Warning: This article contains references to sexual violence
Rape culture is something that prevails in every country, city and village. Bangladesh is not immune to this barbaric violence. It is not something that has gone away, no matter how much we scream about it. In this article, attitudes to rapists and rape victims, along with the government, will be revealed.
According to activists, more than 1,000 rapes were committed yearly. There is an estimate of only 161.4 million people in the small country of Bangladesh. Statistically, there are at least two rape crimes a week. Think this is bad? It gets worse. Sources such as the website Dhaka Tribune, Al Jazeera and more highlight that the rate of rape in Bangladesh has risen to 4 rapes a day in Bangladesh since the rise of Covid-19. 632 – that is how many confirmed rape cases there are in Bangladesh since April. This rape culture that is so prevalent in this country has caused the death of 29 women and five suicides. These are only the reported ones. Most women are too afraid to come out and speak out about the horrors of their rape.
The video that broke Bangladesh
Most of these recorded rapes have been gang rapes that have been circulated through the media leading to feminists and activists to speak out. One particular rape video shows the brutal sexual violence towards just one 37-year-old woman. This woman is not the only victim of this rise in sexual violence. Despite these eight men finally having been arrested, Bangladesh citizens are not satisfied.
Due to this video leak, in early October, women and men began to protest in the Southern district of Noakhali, Bangladesh. The fight for justice and punishment in Bangladesh currently, is most likely just as intense during the early 1970s during the Bangladesh Liberation War. Protesters are demanding the government and their own community to take rape and sexual harassment more seriously. Pictures show that signs like ‘Hang the Rapists’, ‘No Mercy To Rapists’, and many others were shoved into the face of parliament as the people demanded justice to be served.
Where has this led to?
Law Minister, Anisul Haq, promised the death penalty would be introduced to protect the people, specifically the women of Bangladesh from rape. The minister has promised that there will be a more thorough investigation into these crimes where rapists will not go unpunished.
What will actually happen?
Yet, many Bengalis are sceptic about this as recent studies conducted by the UN in 2013 reveals that Bangladeshi men who admitted to committing rape (a staggering 88% of rural respondents and 95% of urban respondents) said they faced no legal consequences. A low chance of conviction rate makes this promise of the death penalty null and void. The death penalty will not work as a deterrent if rapists are getting away scot-free and are allowed to live their lives as monsters. The Human Rights Watch (HRW) in Bangladesh said the accused are “rarely held to account”; “The conviction rate for rape in Bangladesh is below 1 percent”. Is there a point to introducing these new laws if no one is actually enforcing it? The people of Bangladesh are shouting out against these injustices.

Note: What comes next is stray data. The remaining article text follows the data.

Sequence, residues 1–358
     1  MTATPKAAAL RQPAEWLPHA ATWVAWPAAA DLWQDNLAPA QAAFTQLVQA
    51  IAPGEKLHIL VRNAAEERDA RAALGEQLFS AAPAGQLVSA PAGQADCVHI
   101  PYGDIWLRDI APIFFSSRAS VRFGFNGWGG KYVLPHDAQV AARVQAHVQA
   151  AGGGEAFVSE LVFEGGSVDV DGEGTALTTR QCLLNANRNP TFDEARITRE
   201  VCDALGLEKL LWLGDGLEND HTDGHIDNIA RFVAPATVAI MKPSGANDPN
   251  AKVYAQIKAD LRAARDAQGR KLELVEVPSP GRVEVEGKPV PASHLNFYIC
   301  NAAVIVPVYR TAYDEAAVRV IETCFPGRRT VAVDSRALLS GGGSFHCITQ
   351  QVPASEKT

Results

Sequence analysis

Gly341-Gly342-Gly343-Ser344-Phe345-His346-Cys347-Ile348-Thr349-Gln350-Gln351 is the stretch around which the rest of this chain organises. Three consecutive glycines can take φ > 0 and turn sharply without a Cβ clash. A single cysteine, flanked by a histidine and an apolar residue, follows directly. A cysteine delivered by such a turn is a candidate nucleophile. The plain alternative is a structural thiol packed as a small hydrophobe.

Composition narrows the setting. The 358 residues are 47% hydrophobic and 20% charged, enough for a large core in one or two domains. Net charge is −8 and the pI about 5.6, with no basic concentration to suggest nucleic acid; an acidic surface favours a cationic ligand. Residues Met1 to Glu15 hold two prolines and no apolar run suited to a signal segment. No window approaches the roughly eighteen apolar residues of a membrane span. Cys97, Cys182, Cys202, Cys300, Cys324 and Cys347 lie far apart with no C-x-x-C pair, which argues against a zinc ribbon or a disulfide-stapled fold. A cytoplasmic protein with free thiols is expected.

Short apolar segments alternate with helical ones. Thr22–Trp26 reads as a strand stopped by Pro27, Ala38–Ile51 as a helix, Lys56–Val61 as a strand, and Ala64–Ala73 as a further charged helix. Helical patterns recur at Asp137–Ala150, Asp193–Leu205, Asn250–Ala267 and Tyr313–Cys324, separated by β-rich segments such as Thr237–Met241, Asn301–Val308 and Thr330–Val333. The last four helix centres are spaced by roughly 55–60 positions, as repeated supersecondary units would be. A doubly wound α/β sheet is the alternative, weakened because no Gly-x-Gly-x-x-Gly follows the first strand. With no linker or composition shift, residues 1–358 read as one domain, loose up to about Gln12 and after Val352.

This term wouldn’t be a new phrase to any of us, unfortunately. They are just as guilty as rapists. Using izzat as a weapon, they silence women and allow rapists to freely prey upon other people, usually in the form of a gang-rape. Izzat is this idea of honour related to oneself and their family. For some reason — and not just in Bangladesh — a woman’s worth and virtue are found between her legs. Even if it is in the form of rape and non-consensual sex, women are judged and held accountable for the barbaric actions of another.
“What were you wearing?”
“Don’t say anything. How will your children’s in-laws react?”
“But why did you go out without a man?”
“But that’s her husband, it’s his right.”
“What did you do to seduce him?”
“Stay quiet, what will people say about you and our family?”
“You don’t know what women like this are like. They are asking for it.”
“Did you see what she was wearing? She asked for it.”
If you have ever asked questions like this or said something along these lines about a rape victim, then well done. You are a rapist sympathiser that perpetuates the misogyny and sexual violence against women. Words like these keep the voices of women hushed and don’t allow them to see justice. Police don’t believe these women. Then they shame them. This is not a new story. There is a bias against women already born into a system that prevents the filing of these crimes. Bengali activist Zefroon Afsary, told Al Jazeera that women and children are systematically barred from accessing justice through a “thriving culture of impunity against rapists, backed by ineffective trial processes” which often “shift the blame from the perpetrator to the victim”. Instead of the rapist, it is often the women that face these social stigmas. Covid-19 is more than just a pandemic spreading a virus. Covid-19 has released a violent wave towards women and children, one that they will never recover from.
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It is time the world listens and starts pushing for the breakdown of this misogynistic and victim-blaming nature that runs rampant in not only Bangladesh but our broader society.